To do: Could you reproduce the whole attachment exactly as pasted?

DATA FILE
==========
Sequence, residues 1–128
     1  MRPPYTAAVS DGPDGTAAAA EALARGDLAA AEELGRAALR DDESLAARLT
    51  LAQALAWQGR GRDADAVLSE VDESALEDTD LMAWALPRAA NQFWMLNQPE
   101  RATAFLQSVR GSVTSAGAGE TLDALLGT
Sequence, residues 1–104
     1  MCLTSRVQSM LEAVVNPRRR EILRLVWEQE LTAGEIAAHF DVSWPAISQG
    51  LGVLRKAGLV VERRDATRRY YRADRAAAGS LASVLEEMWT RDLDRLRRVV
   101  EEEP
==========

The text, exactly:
Sequence, residues 1–128
     1  MRPPYTAAVS DGPDGTAAAA EALARGDLAA AEELGRAALR DDESLAARLT
    51  LAQALAWQGR GRDADAVLSE VDESALEDTD LMAWALPRAA NQFWMLNQPE
   101  RATAFLQSVR GSVTSAGAGE TLDALLGT
Sequence, residues 1–104
     1  MCLTSRVQSM LEAVVNPRRR EILRLVWEQE LTAGEIAAHF DVSWPAISQG
    51  LGVLRKAGLV VERRDATRRY YRADRAAAGS LASVLEEMWT RDLDRLRRVV
   101  EEEP